1.0 What is Visualization?
Design visualization could be defined at its simplest as the simulated representation of a design concept and it's contextual impacts or improvements. Traditionally, design visualization (DV) techniques have been directed towards better communication of what the design will look like. This focus has driven a broad application of DV in the public involvement area- visualization is almost always a required component of large scale infrastructure and transportation projects. More recently, the focus has been the integration of DV into the overall notion of 'context sensitive' design. As important as what the design will look like, is the explanation of how will it work, and how it will contribute to or impact it's context. The notion of better understanding how a design will function as well as what it will look like is essential not only to the public involvement process, but to the designers and planners of the project as well. Designers are relying more on DV techniques to improve their understanding of their designs, and to communicate more effectively with their colleagues as well.
A design visualization can be anything from a simple shaded view within a Microstation drawing, to a fully texture mapped and animated 3D model. A wireframe view in perspective could be considered visualization if it imparts some image of what the design will look like. The term generally brings to mind the more commonly used techniques such as rendered static views of 3D models and photosimulations. This guide is intended to show that useful visualizations can be produced with more accessible tools.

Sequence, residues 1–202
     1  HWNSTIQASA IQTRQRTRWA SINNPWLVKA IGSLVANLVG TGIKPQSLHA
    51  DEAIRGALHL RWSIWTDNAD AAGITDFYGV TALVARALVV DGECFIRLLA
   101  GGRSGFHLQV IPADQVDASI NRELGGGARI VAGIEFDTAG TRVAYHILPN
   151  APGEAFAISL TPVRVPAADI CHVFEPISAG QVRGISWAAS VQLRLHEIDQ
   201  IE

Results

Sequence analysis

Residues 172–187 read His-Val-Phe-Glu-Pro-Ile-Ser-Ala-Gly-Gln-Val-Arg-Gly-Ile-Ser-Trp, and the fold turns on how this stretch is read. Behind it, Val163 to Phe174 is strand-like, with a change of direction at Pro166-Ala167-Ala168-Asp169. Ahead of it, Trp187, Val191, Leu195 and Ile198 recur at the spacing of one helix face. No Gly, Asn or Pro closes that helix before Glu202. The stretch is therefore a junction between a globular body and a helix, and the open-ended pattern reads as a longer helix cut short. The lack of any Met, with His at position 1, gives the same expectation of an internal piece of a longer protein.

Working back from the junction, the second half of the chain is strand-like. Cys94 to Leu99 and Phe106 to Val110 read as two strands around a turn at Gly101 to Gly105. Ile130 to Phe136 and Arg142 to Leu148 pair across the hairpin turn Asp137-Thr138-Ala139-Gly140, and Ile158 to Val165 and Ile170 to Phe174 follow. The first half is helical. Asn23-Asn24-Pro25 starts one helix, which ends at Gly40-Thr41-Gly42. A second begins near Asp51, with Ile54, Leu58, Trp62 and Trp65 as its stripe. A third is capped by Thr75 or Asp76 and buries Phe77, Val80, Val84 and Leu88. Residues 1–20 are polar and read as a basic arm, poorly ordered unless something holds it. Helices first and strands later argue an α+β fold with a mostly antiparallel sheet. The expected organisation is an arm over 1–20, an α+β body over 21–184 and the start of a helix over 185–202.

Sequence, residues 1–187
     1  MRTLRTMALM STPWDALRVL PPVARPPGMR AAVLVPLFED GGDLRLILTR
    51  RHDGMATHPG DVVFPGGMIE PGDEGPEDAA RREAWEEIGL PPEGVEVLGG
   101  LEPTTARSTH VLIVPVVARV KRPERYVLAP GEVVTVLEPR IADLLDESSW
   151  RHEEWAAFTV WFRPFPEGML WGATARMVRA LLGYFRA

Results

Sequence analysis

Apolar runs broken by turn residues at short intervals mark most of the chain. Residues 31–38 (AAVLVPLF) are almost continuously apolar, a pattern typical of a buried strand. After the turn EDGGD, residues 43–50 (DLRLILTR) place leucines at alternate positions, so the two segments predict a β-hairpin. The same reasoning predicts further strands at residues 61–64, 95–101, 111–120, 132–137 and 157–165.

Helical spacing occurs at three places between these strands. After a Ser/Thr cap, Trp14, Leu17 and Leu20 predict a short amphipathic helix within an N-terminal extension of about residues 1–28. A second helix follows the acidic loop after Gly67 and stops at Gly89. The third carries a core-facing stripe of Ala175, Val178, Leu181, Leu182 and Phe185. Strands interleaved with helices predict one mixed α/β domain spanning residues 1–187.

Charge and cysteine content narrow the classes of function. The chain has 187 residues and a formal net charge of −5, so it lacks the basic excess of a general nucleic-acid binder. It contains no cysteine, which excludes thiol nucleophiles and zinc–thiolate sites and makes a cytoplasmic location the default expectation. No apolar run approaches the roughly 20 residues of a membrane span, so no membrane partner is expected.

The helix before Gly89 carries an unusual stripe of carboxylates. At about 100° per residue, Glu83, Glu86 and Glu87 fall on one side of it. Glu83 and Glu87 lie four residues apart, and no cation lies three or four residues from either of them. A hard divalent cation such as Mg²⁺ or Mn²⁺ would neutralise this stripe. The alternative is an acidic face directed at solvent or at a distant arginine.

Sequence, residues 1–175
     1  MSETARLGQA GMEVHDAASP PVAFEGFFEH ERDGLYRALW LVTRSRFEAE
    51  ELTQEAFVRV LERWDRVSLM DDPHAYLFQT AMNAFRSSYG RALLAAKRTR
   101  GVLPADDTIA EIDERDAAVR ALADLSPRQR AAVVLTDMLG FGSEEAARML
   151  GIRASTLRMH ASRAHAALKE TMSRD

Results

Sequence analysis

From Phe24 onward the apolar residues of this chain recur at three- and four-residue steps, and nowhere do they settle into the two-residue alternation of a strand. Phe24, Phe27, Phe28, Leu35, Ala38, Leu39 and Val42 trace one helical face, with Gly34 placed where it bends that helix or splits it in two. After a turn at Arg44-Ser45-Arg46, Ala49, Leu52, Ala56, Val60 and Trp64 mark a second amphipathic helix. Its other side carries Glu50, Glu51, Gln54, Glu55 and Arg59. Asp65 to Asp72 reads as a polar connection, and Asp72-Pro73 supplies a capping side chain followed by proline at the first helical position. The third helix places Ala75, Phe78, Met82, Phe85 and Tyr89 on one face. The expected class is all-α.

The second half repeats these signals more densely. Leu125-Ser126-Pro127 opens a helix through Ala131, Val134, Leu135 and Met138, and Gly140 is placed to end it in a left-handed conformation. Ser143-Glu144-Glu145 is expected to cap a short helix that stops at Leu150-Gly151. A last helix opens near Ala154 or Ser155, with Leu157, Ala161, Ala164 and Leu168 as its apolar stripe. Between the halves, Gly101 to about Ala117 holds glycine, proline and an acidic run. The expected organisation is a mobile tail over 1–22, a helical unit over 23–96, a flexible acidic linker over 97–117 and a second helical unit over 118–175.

It is a common perception among Federal Lands Highway (FLH) staff that visualization techniques are costly and highly specialized endeavors applicable only to very large or controversial projects. Within FLH, DV techniques are not routinely used for medium and small scale projects. This guide introduces visualization tools and innovative practices to the highway designer, with the idea that these techniques will eventually be integrated into the design process, and used whenever there are design issues or communication needs. The goal is to enable application of simple, low cost techniques and new tools that provide a high relative payback in supporting the notion of context sensitive solutions to design problems.